6. god how useful this video is!!! thanks man, i watched whole video and i found that I knew about camera. please make more useful contents like this about alphabetic expressions of photography and Video camera. thanks a lot, subscribed

  7. bro, if you are on a production industry. you just rent all of them. you hirdd sound man with the gear. you doesnt need to have all of this. you even save more money buy renting compared to buy them with additional cost in mind such as upgrading them, storage, and taking care of them.

  8. Please for the love of god don’t show up to a big gig with anything that says rode lol. They are great for amateurs but their radio frequencies are being choked out by larger brands. Also the mix pre is in no way “Industry standard”. Bonus points for the ktek boom and rycote handle. Those are my fave brands. Don’t mean to be harsh but as a professional sound mixer it is difficult to let these things slide.

  9. Hi Ryan, loving your videos. Can you help? I’d like the same rig for my A7s3. So you have a list so I can just go and get it. I’m desperate to sort my rig out and this looks the best so far. Thanks

  10. Really good ideas and products thank you for highlighting them. I kinda agree about the big cinema camera rig for higher budget productions just for the sake of appearances but unless I was constantly shooting for such clients regularly I don’t think it’s a smart investment. It’s better to own and hone your craft on something like a mirrorless camera and then if you land a big client just rent a cinema camera. Camera lose value pretty quickly so it’s something to consider.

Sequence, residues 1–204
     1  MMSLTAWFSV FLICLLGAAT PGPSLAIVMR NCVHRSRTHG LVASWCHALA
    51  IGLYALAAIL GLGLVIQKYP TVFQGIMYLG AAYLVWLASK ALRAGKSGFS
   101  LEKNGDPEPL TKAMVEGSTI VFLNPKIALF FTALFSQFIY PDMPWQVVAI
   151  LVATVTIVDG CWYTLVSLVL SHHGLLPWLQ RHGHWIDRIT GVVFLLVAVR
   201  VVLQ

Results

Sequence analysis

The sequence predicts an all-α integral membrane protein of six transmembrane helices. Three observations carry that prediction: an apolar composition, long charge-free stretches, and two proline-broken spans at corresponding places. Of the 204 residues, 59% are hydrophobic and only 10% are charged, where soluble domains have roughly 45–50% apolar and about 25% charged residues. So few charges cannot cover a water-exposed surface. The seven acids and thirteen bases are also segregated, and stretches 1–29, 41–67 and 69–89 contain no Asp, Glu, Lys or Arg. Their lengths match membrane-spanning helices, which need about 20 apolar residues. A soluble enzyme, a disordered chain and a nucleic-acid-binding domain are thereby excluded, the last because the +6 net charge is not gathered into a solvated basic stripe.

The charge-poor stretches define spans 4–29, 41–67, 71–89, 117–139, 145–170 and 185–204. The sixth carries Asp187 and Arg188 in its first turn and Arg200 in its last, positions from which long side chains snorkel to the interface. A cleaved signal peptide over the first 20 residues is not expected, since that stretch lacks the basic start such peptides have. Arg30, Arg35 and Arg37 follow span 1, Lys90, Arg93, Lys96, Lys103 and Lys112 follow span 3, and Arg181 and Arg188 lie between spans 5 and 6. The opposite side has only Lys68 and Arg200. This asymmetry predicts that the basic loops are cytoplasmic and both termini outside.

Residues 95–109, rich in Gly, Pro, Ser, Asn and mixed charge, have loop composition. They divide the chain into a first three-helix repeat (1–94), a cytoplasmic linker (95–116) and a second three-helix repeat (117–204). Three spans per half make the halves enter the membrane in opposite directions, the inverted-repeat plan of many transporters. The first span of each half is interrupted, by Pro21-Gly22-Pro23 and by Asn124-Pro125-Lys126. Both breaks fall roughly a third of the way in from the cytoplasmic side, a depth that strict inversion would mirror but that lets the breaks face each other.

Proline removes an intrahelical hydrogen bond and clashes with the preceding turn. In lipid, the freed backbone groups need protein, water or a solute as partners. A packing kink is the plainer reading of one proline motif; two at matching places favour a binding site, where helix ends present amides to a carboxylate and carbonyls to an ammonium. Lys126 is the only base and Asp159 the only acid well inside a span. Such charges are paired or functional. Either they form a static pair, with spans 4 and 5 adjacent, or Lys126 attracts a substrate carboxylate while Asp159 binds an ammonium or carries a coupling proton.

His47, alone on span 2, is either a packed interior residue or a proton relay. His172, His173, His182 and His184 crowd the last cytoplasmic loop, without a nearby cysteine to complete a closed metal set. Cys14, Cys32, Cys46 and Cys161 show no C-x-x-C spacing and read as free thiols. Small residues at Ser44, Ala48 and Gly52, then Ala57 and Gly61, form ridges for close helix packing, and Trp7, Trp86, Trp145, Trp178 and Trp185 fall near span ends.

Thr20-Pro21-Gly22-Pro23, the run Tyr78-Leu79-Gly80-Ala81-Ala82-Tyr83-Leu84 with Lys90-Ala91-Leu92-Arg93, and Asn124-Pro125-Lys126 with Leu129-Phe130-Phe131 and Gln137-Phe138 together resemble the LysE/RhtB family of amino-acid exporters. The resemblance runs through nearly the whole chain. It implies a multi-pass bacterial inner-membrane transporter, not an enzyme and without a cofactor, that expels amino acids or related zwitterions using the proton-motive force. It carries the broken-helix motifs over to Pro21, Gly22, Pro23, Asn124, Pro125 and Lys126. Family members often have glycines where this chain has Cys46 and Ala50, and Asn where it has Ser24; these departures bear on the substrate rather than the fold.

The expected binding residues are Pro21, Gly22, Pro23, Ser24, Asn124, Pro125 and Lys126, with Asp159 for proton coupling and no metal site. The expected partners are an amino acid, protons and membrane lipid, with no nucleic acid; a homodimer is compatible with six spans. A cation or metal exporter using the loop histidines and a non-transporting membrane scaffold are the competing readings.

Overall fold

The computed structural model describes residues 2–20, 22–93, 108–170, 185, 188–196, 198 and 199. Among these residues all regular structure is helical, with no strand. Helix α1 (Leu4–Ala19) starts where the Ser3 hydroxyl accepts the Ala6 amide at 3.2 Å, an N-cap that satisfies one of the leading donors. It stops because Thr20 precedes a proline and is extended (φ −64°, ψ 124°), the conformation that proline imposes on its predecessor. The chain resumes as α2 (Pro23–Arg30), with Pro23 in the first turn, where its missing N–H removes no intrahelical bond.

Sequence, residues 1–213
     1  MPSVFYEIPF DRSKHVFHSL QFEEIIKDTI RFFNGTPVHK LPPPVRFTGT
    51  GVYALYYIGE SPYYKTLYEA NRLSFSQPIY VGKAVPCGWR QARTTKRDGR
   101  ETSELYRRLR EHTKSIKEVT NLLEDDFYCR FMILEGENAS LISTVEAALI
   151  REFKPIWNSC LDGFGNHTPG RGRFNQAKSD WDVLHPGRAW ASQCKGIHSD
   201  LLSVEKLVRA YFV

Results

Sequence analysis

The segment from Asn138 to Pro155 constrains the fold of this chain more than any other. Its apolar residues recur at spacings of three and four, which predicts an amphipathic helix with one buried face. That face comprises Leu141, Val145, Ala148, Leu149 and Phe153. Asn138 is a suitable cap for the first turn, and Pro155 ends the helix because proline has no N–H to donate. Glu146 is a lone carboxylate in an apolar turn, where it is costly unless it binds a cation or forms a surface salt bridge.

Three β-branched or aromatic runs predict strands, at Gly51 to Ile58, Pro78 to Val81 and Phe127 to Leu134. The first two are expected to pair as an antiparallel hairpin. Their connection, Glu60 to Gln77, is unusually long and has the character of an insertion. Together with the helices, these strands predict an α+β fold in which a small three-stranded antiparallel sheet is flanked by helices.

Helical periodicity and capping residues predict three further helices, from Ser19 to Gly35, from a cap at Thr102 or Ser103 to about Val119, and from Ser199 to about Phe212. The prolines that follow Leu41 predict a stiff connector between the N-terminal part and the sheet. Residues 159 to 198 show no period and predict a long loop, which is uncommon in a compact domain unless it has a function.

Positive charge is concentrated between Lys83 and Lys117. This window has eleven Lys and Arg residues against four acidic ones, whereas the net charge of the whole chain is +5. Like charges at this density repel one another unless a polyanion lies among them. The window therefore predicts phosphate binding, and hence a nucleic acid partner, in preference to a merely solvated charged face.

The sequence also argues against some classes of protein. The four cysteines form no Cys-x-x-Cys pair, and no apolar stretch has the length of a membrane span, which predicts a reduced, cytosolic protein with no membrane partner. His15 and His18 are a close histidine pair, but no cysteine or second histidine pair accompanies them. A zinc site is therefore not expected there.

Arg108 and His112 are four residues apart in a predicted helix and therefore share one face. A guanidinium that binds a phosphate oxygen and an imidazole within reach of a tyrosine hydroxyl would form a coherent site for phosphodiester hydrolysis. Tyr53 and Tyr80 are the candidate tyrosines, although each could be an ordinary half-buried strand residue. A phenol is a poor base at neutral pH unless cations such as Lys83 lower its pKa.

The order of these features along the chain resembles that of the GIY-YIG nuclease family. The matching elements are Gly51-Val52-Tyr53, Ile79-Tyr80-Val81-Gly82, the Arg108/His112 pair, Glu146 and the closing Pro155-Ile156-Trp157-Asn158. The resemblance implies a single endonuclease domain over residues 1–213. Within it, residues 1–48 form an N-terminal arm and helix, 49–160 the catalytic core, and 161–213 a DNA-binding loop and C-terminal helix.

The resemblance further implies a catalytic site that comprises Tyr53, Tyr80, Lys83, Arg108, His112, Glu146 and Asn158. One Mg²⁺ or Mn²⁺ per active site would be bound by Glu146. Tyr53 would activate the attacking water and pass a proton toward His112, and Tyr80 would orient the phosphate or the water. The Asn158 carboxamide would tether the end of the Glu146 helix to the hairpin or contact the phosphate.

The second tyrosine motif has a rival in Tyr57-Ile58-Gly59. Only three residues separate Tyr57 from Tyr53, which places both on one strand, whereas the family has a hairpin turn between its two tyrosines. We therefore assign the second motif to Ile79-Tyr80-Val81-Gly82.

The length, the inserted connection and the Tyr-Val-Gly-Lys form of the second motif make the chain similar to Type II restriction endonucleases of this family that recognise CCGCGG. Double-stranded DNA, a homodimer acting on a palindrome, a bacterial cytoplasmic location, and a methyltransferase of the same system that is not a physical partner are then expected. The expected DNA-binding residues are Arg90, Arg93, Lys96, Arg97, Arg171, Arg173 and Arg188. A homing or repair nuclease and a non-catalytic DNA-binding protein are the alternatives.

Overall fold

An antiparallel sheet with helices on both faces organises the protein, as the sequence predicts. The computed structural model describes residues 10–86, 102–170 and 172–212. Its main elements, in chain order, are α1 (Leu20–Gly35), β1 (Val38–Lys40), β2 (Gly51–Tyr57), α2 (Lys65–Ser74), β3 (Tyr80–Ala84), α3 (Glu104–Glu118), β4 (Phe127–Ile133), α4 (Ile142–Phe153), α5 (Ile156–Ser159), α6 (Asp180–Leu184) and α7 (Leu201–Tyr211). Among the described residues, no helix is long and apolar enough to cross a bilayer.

11. I gotta give you a huge thumbs when you got to the line about 'it's not the brush, it's the artist' remark.
    I was onboard with this at first and certainly start here. But you really cannot be taken professionally seriously from untrained clients.

  12. Great video really liked your explanation of the business side and how you use the items you have really pointed out the benefit you get out of investing in certain equipment such as efficiency, ergonomics and also the art thanks heaps

  13. When it comes to the camera stuff, I completely agree with you. I own two Komodo‘s, and a dragon. But I have had clients that don’t care what I shoot it on, just as long as it looks good. One example, Guinness world records. in fact they asked me to shoot it on a Sony in 1080. Because of the nature of the shoot. I shot it on red and down res the files to 1080 ProRes. I didn’t get paid to shoot Red (red tax) but I know I would be able to move fast and have more flexibility. They were very happy and it was worth it the video now it’s sitting at 4.4 million views.

  14. This was amazing! Thanks for the business / production focused content! Would love to see a vid on lighting and backdrops / set design. Your thought process behind the vid you used as an example for the monitor e.g. Thank you for your vids, Ryan! They really helped me build my fulltime video production career and now they help me to scale it up 🙂

  15. That was a cool video I hope to own some gear like that one day! When you turn your small rig monitor upside down does it automatically adjust the picture to be upright? Or were you looking at an upside down image on your shoulder rig?